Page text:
imho, this sounds like looking for a technical solution to a human problem.

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Well... yes. Is that a bad thing? Some of my users are abusing a command, I've warned them not to, but they still do it. I think taking away their right to use that command is a perfectly valid option. If they have to ask permission a few times to do it, I can instruct them on what the right way would be, and give them sudo rights to that exact command. That way they would learn the right way to do it and earn their rights back. – Dan R Sep 14 '11 at 14:13
not as such, sometimes you need a carrot and a stick and all that. You just have to be a bit careful because these solutions are often messy, avoid solving the root problem, and snowball from quick fixes to "thats how its always been done" headaches down the road. in my experience, at least. – Sirex Sep 14 '11 at 20:57

If you still want to do this, you can do it by moving the binary file from /bin/chmod to some other path like /root/chmod.

To make the users think the tool is still available, you can create a script that does nothing in the original path under /bin.

This way you can disable the chmod tool unless you specify the full path /root/chmod.

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Well, if I just run chmod 700 /bin/chmod then no one but root would be able to run it anyway. If I moved chmod to /root, the same would happen, but script that was counting on chmod being in /bin would break even for the root user. – Dan R Sep 14 '11 at 14:17
You could also place a wrapper in /bin/chmod that will pass through to /root/chmod if either the user is root or in wheel, or they haven't passed permissions that you don't like. – Joe H. Sep 14 '11 at 14:23
@Joe H. - Not a bad idea... but I think I could do the same thing by doing: chown root:wheel /bin/chmod ; chmod 770 /bin/chmod ; – Dan R Sep 14 '11 at 14:26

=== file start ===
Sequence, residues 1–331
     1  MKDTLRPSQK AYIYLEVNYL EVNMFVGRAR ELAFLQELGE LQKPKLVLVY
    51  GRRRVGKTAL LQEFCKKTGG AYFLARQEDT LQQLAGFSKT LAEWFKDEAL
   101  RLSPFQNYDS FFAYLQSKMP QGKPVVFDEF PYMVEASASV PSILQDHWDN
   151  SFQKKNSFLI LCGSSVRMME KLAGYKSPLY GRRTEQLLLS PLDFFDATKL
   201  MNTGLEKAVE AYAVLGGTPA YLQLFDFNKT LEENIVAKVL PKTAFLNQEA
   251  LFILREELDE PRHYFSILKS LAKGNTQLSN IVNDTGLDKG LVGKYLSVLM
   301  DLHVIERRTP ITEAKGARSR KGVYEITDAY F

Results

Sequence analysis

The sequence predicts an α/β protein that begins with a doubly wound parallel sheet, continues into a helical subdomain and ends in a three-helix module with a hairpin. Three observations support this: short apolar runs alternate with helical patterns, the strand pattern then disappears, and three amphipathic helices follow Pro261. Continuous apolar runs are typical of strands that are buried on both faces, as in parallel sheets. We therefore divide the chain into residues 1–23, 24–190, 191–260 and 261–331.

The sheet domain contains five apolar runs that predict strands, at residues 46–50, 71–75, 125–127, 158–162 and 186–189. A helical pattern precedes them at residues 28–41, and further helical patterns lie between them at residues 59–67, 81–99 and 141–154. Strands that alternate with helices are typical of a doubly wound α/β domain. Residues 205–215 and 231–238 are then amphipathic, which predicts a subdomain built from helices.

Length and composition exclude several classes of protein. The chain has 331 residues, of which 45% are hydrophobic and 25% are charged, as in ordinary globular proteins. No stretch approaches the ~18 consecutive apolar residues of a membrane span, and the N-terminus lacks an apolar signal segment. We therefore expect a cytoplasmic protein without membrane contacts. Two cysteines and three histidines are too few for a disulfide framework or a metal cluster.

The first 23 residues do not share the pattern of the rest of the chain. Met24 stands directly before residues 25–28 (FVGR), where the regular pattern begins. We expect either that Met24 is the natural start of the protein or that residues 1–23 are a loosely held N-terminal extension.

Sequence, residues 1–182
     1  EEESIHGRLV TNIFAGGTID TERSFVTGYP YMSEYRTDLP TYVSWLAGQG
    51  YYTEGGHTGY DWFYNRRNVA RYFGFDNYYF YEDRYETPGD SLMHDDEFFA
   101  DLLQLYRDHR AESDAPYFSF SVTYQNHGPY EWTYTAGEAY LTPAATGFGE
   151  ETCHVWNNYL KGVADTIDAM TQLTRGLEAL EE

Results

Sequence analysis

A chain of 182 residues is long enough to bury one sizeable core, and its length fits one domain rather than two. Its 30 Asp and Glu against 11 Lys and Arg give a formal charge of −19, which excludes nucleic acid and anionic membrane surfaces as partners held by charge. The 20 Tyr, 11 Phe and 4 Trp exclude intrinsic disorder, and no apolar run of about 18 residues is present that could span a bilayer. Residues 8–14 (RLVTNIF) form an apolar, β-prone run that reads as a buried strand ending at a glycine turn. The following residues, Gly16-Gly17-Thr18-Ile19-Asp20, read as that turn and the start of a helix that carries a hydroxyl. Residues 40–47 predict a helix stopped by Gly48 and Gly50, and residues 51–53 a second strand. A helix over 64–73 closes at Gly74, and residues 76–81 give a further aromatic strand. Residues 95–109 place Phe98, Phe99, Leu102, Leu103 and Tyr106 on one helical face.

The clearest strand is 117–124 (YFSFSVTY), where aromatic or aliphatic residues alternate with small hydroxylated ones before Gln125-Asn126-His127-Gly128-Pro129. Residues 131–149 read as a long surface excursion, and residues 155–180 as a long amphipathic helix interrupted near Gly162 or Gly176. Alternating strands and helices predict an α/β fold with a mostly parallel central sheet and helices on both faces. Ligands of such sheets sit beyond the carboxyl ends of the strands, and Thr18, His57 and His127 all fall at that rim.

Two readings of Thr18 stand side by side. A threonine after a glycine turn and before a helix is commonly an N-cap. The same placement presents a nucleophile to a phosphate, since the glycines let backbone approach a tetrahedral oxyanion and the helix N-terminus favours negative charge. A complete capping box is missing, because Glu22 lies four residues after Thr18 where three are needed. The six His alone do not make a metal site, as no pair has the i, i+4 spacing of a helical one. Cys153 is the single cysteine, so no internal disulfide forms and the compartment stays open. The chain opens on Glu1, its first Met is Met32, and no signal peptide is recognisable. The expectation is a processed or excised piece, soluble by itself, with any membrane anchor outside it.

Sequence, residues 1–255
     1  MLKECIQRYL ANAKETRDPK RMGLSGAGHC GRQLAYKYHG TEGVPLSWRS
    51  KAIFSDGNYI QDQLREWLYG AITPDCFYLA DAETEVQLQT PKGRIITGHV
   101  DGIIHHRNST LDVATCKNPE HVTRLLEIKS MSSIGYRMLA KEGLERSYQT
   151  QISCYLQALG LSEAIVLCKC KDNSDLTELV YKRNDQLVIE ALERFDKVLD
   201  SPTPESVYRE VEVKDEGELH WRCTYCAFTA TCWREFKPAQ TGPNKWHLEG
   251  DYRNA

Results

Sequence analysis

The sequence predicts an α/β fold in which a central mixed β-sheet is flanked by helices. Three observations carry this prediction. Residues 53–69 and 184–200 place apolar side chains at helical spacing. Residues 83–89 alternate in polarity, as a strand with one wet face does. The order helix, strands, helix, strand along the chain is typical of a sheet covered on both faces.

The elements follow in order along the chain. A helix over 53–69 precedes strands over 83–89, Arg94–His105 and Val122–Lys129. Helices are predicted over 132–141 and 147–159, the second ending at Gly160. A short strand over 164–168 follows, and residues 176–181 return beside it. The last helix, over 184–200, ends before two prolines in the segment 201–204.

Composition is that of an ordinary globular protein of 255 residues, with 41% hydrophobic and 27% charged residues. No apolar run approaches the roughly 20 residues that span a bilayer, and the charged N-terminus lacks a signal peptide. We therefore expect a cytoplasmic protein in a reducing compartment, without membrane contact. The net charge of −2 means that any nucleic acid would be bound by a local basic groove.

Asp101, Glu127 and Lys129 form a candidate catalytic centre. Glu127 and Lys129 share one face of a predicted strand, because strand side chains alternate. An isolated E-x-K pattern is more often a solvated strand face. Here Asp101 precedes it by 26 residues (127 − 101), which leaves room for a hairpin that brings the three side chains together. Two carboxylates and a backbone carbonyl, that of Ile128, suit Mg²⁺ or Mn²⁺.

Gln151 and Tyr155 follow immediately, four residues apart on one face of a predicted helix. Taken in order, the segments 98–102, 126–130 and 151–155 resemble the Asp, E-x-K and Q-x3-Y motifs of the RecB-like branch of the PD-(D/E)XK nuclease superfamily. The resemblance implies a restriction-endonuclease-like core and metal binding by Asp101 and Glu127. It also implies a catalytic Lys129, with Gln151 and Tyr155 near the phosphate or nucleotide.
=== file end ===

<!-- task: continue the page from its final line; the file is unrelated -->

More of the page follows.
@Dan R: that would allow root & wheel, but wouldn't allow the other users to use it when they gave it sensible requests. (eg, chmod u+x ...) – Joe H. Sep 14 '11 at 14:33

The cons are that chmod would not be available to any script that is run as non-root user which might break some things.

It is not clear what are your real requirements, but might look at this question and the solutions.

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Neat idea, but I don't really want (or need) to restrict their commands that much. I just want them to stop chmodding everything 777 anytime they run into a permissions problem. If I can't get them to ask me the right way to fix something before running off and chmodding everything in sight, I think taking away their rights to that command is a good response. I'm just asking if there's anything that I might be missing in terms of the normal operations of a linux server that might break if I set /bin/chmod to 700 permissions. – Dan R Sep 14 '11 at 14:17
if you put 700 on chmod then something might break, but not very much. most things that use chmod are used during installs which are run as sudo anyway. even things that depend on permissions don't like to mess with that themselves and opt to warnings. so not much should break... (not that I have done it) – Unreason Sep 14 '11 at 14:26